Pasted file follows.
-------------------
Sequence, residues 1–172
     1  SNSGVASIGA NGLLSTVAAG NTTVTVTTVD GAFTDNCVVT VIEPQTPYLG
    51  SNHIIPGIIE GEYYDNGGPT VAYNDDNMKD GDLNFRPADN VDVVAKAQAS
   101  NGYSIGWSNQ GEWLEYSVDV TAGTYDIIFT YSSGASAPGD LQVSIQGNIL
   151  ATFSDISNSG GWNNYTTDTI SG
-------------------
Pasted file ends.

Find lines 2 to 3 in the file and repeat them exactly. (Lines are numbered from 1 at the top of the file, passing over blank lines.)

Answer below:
     1  SNSGVASIGA NGLLSTVAAG NTTVTVTTVD GAFTDNCVVT VIEPQTPYLG
    51  SNHIIPGIIE GEYYDNGGPT VAYNDDNMKD GDLNFRPADN VDVVAKAQAS